original article

The kernel can only ask the hard drive to flush the data to disk. The disk need not comply, despite returning a “yes I did” result.

That’s an important issue. I’ll try to provide a couple of answers.

how can the consumer really know what the drive decides to do?

Well, there are at least two ways:

  1. Turn off write caching.
  2. Set the “Force Unit Access” (FUA) bit on the Write command, if it’s a SCSI/FC disk.

SCSI gives you other options as well. For example, if you’re using tagged command queuing, you can set FUA only on the last command of a sequence (e.g. a transaction). That way, you can allow the disk or storage subsystem to do appropriate reordering, combining, etc. and you’ll still be sure that by the time that last command completes all the commands logically ahead of it (as specified by the tags) have completed as well. It’s tres cool, and it’s one of SCSI’s biggest benefits compared to IDE.

Tagged command queuing also comes in handy if you have to force write caching off – which BTW is common and not particularly difficult on either SCSI or IDE drives. Since you’re now forced to deal with full rotational latency, the importance of overlapping unrelated operations (by putting them on different queues) becomes even greater.

This stuff is not document on the box the hard drive comes in nor on the mfg web site.

Tsk tsk, that’s a shame. It’s pretty common knowledge among storage types, but still far from universal. Go look on comp.arch.storage and you’ll see a recurring pattern of people finding this out for the first time and sparking a brief flurry of posts by asking about it.

The problem with having the drive notify the host that a write has been fully destaged is that target-initiated communication (aside from reconnecting to service an earlier request) is poorly supported even in SCSI. Hell, it’s even hard to talk about it without tripping over the “initiator” (host) vs. “target” (disk) terminology. Most devices lack the capability to make requests in that direction, and most host adapters (not to mention drivers) lack support for receiving them. AEN was the least-implemented feature in SCSI.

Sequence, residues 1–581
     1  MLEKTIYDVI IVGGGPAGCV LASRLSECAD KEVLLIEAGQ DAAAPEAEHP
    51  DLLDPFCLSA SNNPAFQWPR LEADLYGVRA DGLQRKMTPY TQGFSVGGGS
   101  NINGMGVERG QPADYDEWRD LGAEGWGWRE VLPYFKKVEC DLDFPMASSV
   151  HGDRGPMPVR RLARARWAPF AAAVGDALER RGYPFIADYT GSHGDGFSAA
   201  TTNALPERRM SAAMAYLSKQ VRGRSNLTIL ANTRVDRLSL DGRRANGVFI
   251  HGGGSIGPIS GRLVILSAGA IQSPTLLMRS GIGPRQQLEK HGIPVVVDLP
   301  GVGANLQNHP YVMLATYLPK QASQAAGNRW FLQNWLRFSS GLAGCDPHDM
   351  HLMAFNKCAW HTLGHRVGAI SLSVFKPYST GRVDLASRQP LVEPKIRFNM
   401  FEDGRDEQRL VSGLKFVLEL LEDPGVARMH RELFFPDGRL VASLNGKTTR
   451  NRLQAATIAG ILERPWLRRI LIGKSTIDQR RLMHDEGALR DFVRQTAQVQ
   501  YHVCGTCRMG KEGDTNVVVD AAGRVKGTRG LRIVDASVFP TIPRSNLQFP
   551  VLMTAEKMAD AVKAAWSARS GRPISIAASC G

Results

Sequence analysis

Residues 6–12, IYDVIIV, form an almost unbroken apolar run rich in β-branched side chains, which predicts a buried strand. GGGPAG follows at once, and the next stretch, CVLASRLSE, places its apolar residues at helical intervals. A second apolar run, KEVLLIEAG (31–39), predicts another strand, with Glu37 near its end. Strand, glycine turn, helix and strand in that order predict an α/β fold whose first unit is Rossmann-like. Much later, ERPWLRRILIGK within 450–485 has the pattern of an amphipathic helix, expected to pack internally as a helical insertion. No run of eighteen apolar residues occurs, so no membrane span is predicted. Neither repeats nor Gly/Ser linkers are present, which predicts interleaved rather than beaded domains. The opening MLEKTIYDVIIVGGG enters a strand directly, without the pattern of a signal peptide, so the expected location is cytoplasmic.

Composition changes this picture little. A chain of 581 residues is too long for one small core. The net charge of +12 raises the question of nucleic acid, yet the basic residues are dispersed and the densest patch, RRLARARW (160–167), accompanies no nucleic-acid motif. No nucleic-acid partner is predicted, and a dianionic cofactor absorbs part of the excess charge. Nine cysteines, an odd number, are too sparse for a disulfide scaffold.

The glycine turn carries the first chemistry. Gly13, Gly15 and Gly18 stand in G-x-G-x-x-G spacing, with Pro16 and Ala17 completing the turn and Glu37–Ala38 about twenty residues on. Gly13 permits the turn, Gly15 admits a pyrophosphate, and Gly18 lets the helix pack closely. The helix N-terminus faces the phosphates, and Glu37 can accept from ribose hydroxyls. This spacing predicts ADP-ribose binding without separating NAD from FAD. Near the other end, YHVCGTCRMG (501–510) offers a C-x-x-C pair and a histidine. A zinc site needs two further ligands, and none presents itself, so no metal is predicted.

There’s also a performance issue. Certainly you don’t want to be generating interrupts by having the disk call back for *every* request, but only for selected requests of particular interest. So now you need to add a flag to the CDB to indicate that a callback is required. You need to go through the whole nasty SCSI standards process to determine where the flag goes, how requests are identified in the callback, etc. Then you need every OS, driver, adapter, controller, etc. to add support for propagating the flag and handling the callback. Ugh.

It’s a great idea, really it is. It’s The Right Way(tm). But it’s just never going to happen in the IDE world, and it’s almost as unlikely in the SCSI/FC world. 1394 seems a little more amenable to this, but I have no idea whether it’s actually done (I doubt it) because even though I know they exist I’ve never actually seen a 1394 drive close up.

I hope all this helps shed some light on the subject.